The modular format enables you to come back to the office, focus on work again and use what you’ve learned to make better decisions.
Ben Harrington Lowe

Ben Harrington-Lowe

Ben Harrington Lowe
Nationality/Passport: Australian Year of graduation: 2015 Current Role: Director at UBS

Why did you choose the INSEAD Executive Master in Finance?

I’d been working in banking for nine years but my qualifications were all in accounting and law. It felt like the right time to do an additional degree so as to increase my marketability in the future. INSEAD has such a great name, the format suited me and my employer was prepared to support me through it. The choice was obvious.

How has the programme structure worked out?

The concept of taking a year out didn’t work for me. Nor did the idea of studying every weekend. Going away and immersing yourself for two weeks, with study as the sole focus, made sense to me. It enables you to come back to the office, concentrate on work again and use what you’ve learned to make better decisions.

What has been the highlight so far?

It’s probably the elective on leadership and communication that I did in the later part of the programme – although I’m looking forward to working further on my soft skills in the final module. We were actually filmed doing some public speaking so that we could give ourselves feedback. The technical modules have given me a better knowledge base to make decisions and understand where senior management are coming from, but I’ve been able to apply the learning about soft skills immediately.

How would you describe your classmates?

The calibre of the people doing the INSEAD EMFIN is fantastic. The average age is 32, the class sizes are small and the backgrounds are incredibly diverse, even though we all work in finance. One guy works in shipping and another was originally a doctor... that’s special. It’s not people straight out of university. It gives you exposure to every area of finance and insights you wouldn’t otherwise get.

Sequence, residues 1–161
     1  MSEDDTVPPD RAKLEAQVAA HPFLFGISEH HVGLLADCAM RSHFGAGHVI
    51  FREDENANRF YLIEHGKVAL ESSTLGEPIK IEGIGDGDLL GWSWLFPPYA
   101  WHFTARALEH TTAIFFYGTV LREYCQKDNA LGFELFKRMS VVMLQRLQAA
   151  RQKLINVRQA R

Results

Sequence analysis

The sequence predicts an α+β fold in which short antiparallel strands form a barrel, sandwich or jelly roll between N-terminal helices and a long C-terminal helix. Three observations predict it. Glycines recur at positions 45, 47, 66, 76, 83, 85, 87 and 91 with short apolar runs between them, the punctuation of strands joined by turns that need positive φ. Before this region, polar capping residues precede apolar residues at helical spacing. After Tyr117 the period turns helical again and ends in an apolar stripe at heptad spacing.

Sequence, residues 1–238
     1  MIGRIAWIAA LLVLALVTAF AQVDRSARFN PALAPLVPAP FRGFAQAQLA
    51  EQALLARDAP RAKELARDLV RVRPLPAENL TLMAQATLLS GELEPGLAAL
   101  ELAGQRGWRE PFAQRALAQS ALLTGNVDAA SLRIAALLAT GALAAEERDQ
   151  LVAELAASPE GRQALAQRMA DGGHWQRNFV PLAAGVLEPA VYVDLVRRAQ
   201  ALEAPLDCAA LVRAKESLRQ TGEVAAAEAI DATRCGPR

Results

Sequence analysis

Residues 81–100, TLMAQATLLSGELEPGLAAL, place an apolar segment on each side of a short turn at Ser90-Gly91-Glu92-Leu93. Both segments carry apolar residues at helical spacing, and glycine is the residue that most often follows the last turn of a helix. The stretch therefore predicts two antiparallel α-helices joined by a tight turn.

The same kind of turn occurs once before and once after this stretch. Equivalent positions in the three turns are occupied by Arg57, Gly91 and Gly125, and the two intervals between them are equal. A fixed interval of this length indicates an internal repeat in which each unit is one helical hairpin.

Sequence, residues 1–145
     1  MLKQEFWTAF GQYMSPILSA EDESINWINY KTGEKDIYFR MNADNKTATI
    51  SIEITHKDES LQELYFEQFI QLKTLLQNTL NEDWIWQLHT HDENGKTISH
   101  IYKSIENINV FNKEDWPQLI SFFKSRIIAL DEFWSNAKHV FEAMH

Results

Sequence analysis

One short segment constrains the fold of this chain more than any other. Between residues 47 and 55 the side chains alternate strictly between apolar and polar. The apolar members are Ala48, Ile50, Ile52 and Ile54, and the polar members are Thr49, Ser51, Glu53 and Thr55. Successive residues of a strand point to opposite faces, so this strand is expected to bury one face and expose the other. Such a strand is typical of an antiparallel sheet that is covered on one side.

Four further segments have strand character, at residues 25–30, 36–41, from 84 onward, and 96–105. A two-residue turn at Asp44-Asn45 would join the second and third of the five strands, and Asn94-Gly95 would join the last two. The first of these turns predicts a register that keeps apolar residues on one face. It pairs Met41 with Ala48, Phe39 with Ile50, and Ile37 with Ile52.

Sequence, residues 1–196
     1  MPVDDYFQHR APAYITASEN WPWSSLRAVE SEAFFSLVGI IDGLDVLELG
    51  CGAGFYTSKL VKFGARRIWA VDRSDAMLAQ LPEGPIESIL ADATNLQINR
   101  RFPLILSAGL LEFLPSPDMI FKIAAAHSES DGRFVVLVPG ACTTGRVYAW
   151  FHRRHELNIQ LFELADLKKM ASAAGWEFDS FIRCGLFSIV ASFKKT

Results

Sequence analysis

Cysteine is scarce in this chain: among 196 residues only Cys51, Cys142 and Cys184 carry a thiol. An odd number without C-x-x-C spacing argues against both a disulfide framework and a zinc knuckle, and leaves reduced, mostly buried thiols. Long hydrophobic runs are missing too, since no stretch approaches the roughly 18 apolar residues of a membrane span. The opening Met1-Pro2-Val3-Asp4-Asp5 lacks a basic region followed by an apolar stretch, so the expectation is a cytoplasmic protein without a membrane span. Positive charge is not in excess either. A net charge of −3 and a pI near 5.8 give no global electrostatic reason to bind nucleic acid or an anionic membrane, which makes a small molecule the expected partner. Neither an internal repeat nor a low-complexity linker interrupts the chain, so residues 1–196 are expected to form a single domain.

What advice would you give to future participants?

Don’t be afraid to challenge the status quo. Sometimes you’ll discover you’ve been applying a theory without knowing it, but sometimes you’ll find that you don’t apply the theory at all. It’s when people say “that’s not how we really do it” that you get great discussions with the faculty and classmates. Testing the theory against the practice of all your classmates is where you learn the most.

What’s next for you?

I’ll probably stay in commodities trading for a few years. But the programme has opened my eyes to other pathways and parts of the business. The programme has been such a great degree. I’ve got far more out of it than I thought I would. And it’s definitely inspired me to stay in finance.